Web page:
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Lesbians in Morocco

In Morocco, often considered one of the most liberal Muslim countries, affection between women is common. Girls loop arms, stroll hand-in-hand and sit cuddled together. But when this affection becomes romantic and women want to live openly as lesbians, Morocco’s acceptance abruptly stops. 
“Lesbianism is not a good thing. Our God does not allow us to do something like this. It is haram,” said Hasnae Krimi, 22, a linguistics student at Rabat’s Mohammed V University, who believes that sickness and natural disasters are increasing as a warning to reject homosexuality. Most people in this Islamic country respond in similar fashion: Homosexuality is haram, prohibited by God.
Even after the Arab Spring, as demands for democracy and human rights ripple through North Africa, homosexuality is still an island unchanged, officially illegal and too taboo to be discussed openly. Moroccan author Abdellah Taïa, who has written a new book about growing up gay in the Arab world, lives in Paris for fear of reprisal in the country of his birth.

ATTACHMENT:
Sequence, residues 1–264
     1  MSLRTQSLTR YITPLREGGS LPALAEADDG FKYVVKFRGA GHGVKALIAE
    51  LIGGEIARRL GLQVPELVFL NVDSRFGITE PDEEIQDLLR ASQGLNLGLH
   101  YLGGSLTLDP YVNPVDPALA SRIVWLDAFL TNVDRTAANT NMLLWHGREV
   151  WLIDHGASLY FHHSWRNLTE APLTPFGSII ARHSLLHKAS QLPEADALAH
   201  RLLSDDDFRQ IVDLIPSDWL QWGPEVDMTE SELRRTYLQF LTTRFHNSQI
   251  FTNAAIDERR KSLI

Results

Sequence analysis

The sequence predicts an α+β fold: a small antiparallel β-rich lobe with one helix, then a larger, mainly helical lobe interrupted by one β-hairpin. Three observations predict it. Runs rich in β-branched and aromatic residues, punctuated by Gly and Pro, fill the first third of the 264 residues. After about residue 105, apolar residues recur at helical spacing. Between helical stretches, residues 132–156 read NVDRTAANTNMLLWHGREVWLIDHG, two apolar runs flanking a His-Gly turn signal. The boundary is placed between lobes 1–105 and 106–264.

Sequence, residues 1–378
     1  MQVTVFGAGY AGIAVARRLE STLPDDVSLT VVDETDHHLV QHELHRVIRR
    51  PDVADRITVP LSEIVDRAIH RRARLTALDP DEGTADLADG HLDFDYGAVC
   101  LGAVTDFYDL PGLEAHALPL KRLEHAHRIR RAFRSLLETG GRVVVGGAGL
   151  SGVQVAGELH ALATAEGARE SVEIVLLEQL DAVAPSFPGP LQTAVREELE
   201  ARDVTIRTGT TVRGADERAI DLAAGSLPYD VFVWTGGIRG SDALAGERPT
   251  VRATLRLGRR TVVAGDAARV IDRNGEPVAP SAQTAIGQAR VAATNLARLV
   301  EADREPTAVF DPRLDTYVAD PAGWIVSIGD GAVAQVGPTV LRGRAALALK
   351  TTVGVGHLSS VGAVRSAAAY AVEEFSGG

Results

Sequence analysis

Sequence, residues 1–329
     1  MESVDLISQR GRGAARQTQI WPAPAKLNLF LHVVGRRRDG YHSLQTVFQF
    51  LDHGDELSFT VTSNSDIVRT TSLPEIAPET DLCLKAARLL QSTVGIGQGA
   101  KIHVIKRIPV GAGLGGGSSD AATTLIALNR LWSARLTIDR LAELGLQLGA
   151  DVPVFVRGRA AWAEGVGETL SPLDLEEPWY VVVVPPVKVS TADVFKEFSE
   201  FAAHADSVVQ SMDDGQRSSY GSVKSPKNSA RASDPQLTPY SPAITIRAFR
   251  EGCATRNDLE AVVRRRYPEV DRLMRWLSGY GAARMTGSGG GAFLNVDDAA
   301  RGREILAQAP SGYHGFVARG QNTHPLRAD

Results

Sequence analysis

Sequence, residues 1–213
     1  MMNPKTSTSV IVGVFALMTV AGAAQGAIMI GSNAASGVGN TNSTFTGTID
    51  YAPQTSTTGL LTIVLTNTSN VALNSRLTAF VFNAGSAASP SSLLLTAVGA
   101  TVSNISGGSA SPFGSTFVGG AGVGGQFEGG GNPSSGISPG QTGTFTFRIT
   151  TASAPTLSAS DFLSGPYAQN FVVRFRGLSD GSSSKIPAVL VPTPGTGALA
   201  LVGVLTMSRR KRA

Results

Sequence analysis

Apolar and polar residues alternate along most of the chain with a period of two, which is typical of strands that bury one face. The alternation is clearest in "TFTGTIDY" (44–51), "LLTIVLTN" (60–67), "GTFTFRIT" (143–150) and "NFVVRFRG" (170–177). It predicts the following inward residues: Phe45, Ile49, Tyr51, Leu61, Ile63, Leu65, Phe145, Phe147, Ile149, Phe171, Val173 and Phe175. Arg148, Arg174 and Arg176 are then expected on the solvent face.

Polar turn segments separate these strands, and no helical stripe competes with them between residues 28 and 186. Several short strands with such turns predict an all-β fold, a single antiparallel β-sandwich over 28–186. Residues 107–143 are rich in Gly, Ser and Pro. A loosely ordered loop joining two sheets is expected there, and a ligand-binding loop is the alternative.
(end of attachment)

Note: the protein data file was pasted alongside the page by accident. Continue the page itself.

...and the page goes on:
Under Moroccan law, committing “lewd or unnatural acts with an individual of the same sex” is punishable by six months to three years in prison and a fine ranging from 120 to 1,000 dirhams (about 14 to 117 USD). Algeria and Tunisia have similar bans. There have been no reports of women arrested in violation of these laws in Morocco, perhaps because experts say it’s rare for a lesbian to be open about her sexual orientation.
Moroccans Sarah and Maria, both 20, have been a couple for more than a year. Both asked that their last names not be used because of the stigma and legal implications attached to being a lesbian in Morocco. Though Sarah now attends a university in France and Maria is studying fine arts in Casablanca, they spend time together whenever they can.
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